Homelessness among Children in America


Homelessnessamong Children in America


Homelessnessis described by the state of people living without permanentresidential places for themselves. Homeless people, especiallychildren stay in temporary shelters or overnight places like thestreets and public place all their lives. The situation for thehomeless is dire when children are the homeless people in thesociety. This paper seeks to explore homelessness among children inAmerica as a social issue and discuss the different viewpoints on theproblem. The discussion in this paper will illustrate the historicaltimeline that shows how viewpoints about the children homelessnesshave changed. Moreover, the discussion will illustrate the social,political and economic factors during the different time periods thatshaped the viewpoints about homelessness among children in America.

Thenumber of homeless children in America has increased over time to analarming level. According toBeker and Boxill (2014), theincreasing level of poverty rate is mostly blamed to be the maincause of the increasing number of homeless children in the UnitedStates. However, there are fundamental factors that contribute to theproblem in relation to different time lines of the homelessnessissue. Therefore, understanding the historical timelines of theproblem is important to comprehend these factors. These factors shapethe viewpoints through which the public and the government viewed thehomeless children. From the early nineteenth century up to thecurrent times, the problem of homeless children has shaped thesocial, economic and political discussions because of the impact ithas on the country. As the factors affecting the homeless childrenchanged, the viewpoints also changed.

Duringthe early and mid twentieth century, homelessness was a socialproblem affecting the urban centers in America. Most homeless peopledwelt in the streets and specific sections of the cities and townsand travelling stations. For example, in New York, the area calledBowery was then known of homelessness with the homeless children andalcoholics, sleeping on the street and the train stations. Thesituation created a stereotype called the Bowery Stereotype, whichviewed the homeless as alcoholics and drug users (Beker&amp Boxill, 2014). Bekerand Boxill (2014) argue that children do not fit in this opinion, butwere considered to be in the same category. Duringthis period, a number of social, political and economic factorsshaped the state of homeless children in the country, and how it wasviewed.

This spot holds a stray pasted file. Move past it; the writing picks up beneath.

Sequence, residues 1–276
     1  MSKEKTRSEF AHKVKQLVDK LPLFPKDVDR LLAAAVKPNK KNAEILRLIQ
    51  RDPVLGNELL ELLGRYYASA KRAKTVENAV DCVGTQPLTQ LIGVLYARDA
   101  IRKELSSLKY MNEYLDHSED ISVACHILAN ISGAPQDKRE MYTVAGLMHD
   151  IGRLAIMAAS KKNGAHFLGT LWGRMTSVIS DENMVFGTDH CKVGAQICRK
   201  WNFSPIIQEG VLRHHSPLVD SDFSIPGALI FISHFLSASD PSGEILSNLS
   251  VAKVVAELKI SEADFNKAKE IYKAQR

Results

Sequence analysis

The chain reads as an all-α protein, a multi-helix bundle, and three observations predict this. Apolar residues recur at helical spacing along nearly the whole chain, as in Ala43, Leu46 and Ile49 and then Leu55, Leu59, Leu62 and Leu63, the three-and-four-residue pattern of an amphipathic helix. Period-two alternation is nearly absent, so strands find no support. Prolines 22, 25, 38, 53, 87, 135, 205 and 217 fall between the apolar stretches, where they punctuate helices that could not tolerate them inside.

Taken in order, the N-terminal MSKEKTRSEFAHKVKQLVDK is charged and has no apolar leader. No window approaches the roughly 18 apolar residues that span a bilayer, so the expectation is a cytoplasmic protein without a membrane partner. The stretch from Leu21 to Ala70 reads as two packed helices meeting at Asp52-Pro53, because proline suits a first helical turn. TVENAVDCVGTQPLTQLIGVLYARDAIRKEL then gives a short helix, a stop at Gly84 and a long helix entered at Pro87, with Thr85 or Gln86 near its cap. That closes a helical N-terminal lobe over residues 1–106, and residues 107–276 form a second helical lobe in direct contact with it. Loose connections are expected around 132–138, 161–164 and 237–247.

Povertywas a major economic factor that shaped the viewpoints of people inregard to homeless children. Children from poorer families could notget enough or no food at home, as parents could not afford to caterfor them. Therefore, they were forced to go to the streets in urbancenters to borrow from the people. As a result, the people viewedhomeless children in the streets as those from the poor background.As the times changed, the number of homeless children increased, butthe common denominator that shaped the viewpoint of people stillremained to be poverty. While there were political factors likegovernment negligence to take care of these children, the main causeof the problem was poverty.

Inthe late twentieth century, especially in the 1980s and 1990s, thenumber of homeless people and children increased in America. Theincrease led to a bigger problem as the competition for the littlespace in the streets and public places was high among the homelesschildren. This time, the problem of homelessness in America wasshaped by a macroeconomic problem of national economic crisis due toeconomic deterioration. At this time, especially between 1981 and1990, the economy of the United States was in a distress, amacroeconomic problem characterized by high unemployment rates andbudget deficits (Beker&amp Boxill, 2014). As a result,the government cut the budgetary allocation for low-cost housingleading to increased homelessness, which contributed to having morechildren living homeless on the streets.

Inaddition, the government cut the social services to people, whichincreased the level of poverty and housing capacity in the UnitedStates. At the same time, there were no designated programs by thegovernment to stop the rise of homeless children or even prevent theproblem. Therefore, homelessness was viewed as a failure by thegovernment to offer social support services to the population.Moreover, homelessness was viewed as an indicator of the economiccrisis in the country and the government`s inability to manage thesituation. While this was a cause of homelessness, the problem led tothe rise of social and economic issues that affected both thehomeless and the general population of the United States.